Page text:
GFats - How was your experience with the European audiences?

Chilson - In one word...amazing. As we have heard for years, and with it now being proven to us, Europe is the place to be. Musicians are treated so well there by everyone as they respected our original music, housed us, feed us, drove us to shows, bought all 90 CD's we brought with us, and a good amount of the tee-shirts and patches as well, more interaction online on social media sites, signing up to our email list via our website, etc. Even over the years most of our online sales have been from France, Switzerland, Germany, and other European countries. It was great to finally meet those people in person at shows as they made it a point to drive out or even fly out for the shows we were playing. Typing this, makes me want to book our next tour in Europe immediately.

GFats - It is hard not to notice several live pictures of you playing sans your trademark “cigar box of doom”. Was this by design, technical issue, or due to pushy border guards?

Chilson - I made the mistake of calling up the airline and discussing the case dimensions, and I was over their maximum size. On the phone they were very stringent, in person they seem to be more lax as I say a couple people carrying on their guitars. Rookie mistake. Since I thought there was an issue I brought my 1979 Stratocaster, disassembled it, and put it in my suitcase. I missed my ol' number one as that thing has a life and sound of its' own.

GFats - So after your Griswald family European Vacation with Ten Foot Polecats, I understand there is another swing out west coming up for the Ten Foot Polecats. What information can you share about the tour?

Chilson - Yes! we were going to play Alaska in early August but unfortunately that tour fell through. BUT we have an 2-1/2 week October Tour planned with our junk blues brothers, The Cannibal Ramblers. We will be playing shows in Philadelphia, Pittsburgh, Louisville, Nashville, Georgia, Florida, Alabama, Tulsa, Wichita, Denver, Kansas City, Des Moines, Chicago, Dayton, Grand Rapids, and possibly Cleveland/Akron. Our intent was to play some places we haven't in the past.

GFats - So did you acquire more of a taste for football while in Europe, or the beer?

Chilson - We did, besides rooting for the US, our sister team was the Netherlands as we spend alot of time with our friend Ozzy at his place. Europe loves their football, so much that some music venues had to cancel their shows due to matches. Word of advice, don't go to Europe during World Cup or during the European Championships. As far as the beer, Chad doesn't drink. Luckily, Jay and I make up for it. We did come back with some great new finds (new to us anyway).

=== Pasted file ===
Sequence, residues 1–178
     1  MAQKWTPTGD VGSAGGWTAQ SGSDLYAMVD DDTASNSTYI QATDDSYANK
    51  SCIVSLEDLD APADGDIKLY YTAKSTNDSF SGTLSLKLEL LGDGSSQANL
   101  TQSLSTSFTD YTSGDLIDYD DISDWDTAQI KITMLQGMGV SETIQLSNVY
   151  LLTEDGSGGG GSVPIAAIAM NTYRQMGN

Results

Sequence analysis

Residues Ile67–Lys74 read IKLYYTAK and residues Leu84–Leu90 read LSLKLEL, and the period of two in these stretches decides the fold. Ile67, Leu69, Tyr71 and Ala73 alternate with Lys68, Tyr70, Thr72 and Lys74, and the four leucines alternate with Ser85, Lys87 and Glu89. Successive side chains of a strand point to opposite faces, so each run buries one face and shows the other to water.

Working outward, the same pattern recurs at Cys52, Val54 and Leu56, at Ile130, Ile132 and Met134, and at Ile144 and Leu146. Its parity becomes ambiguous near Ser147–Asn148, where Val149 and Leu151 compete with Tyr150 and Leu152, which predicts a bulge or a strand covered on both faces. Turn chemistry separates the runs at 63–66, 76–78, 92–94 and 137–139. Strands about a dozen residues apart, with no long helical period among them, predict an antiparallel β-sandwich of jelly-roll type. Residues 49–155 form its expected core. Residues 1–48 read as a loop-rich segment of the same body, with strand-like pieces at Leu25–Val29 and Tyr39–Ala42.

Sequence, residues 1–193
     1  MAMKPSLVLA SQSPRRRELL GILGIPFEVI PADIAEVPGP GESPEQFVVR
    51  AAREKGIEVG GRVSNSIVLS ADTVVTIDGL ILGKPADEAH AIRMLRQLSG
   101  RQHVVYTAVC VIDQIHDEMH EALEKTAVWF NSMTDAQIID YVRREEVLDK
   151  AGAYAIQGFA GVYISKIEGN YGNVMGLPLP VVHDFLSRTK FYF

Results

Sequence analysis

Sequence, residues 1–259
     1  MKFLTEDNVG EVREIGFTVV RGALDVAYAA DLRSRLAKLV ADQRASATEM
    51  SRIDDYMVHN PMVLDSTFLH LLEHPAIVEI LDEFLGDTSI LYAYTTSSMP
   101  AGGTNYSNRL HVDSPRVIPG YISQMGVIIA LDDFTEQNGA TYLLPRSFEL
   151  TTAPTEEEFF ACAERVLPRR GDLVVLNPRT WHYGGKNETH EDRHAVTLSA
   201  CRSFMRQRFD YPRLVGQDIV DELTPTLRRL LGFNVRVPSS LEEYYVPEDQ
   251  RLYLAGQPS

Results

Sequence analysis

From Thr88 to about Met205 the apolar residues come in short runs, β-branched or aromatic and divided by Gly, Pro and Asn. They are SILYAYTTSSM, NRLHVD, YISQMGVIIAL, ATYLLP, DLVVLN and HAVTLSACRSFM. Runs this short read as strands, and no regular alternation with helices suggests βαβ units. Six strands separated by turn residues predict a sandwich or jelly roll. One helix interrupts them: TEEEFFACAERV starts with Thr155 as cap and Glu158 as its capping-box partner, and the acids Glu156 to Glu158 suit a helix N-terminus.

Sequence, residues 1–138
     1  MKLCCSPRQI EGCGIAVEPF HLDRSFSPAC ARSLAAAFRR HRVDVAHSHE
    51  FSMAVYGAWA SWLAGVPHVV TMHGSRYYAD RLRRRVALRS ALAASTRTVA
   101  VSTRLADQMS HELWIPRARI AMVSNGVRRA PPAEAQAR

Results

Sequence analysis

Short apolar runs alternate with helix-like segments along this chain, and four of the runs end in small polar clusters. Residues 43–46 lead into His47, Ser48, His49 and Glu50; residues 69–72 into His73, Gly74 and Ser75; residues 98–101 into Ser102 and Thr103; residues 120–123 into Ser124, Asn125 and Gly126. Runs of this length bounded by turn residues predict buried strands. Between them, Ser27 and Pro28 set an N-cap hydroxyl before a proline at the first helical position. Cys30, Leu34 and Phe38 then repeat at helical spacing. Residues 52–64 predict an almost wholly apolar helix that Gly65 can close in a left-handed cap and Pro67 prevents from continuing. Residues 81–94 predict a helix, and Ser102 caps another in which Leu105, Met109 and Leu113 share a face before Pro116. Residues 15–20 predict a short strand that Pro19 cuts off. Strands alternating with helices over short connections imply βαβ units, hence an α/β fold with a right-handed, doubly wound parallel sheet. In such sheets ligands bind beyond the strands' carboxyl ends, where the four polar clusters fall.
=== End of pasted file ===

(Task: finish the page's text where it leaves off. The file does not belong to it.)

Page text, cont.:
GFats - First firing his own drummer and replacing him with original TFPC drummer Diamond Dave Darling for a night down in NYC to having the entire band back him for a set at the Blues Rules it sounds as though Kent Burnside is banking on some family lineage between the Burnside family and Ten Foot Polecats.

Chilson - It was real fun to try and chase Kent around, I hope we get a chance to do it more in the future. We have played countless shows with Kent and sat in with him for a few songs here and there, and every time is great. Backing him for his set was a real pleasure, possibly the most fun part of our tour.

GFats - From your schedule posted to www.tenfootpolecats.com I see the band will once again be headed down to Cookeville Tennessee for the Muddy Roots Festival. While a bad day at a music festival is usually better than most days anywhere else, just what separates Muddy Roots to make it one of the better festivals?

Chilson - It's the fans that go to it as a lot of the people have become very close friends. People from around the world come to Muddy Roots and it has a feeling of a family reunion as everyone has been joined on the road somewhere along the line. There is also no issue with band competition either as all bands tell fans about other bands, and next thing you know they are asking when we can play their home area and telling us the will take us into their home and feed us, give us a place to sleep. It means a lot as life on the road can be expensive once you start adding in hotels on top of gas, food, etc. It is pretty amazing how many great people from all walks of life we have met at Muddy Roots. The same could also be said for Blues Rules, Deep Blues Festival, and all the other smaller festivals that have been created by fans.

GFats - Is there any sign of a new release on the horizon, or has the constant touring a gigging made it hard to get back into the studio for the follow-up to the Hillgrass Bluebilly Entertainment released Undertow?

Chilson - Constant gigging does make it harder to get new original material down, but we are currently working on new songs so no album is in the works yet, but we are moving in that direction. If you come on out to an upcoming show you will get to hear some of these new songs.

GFats - What local shows do you have coming up in the next few weeks?

Chilson - August 8th at Plough and Stars in Cambridge,with our good friend Robert "Fireball" Mitchell (Baltimore MD). Thursday August 14 we are opening for The Moody Blues at Bank of New Hampshire Pavilion in Gilford, NH. Check out the current show schedules at www.tenfootpolecats.com

If they are not bringing the blues to the punk rockers, or infusing their blues sets with punk energy and ethos, the Ten Foot Polecats never disappoint with their incendiary live show. Catch them live in their natural habitat, you’ll be glad you did.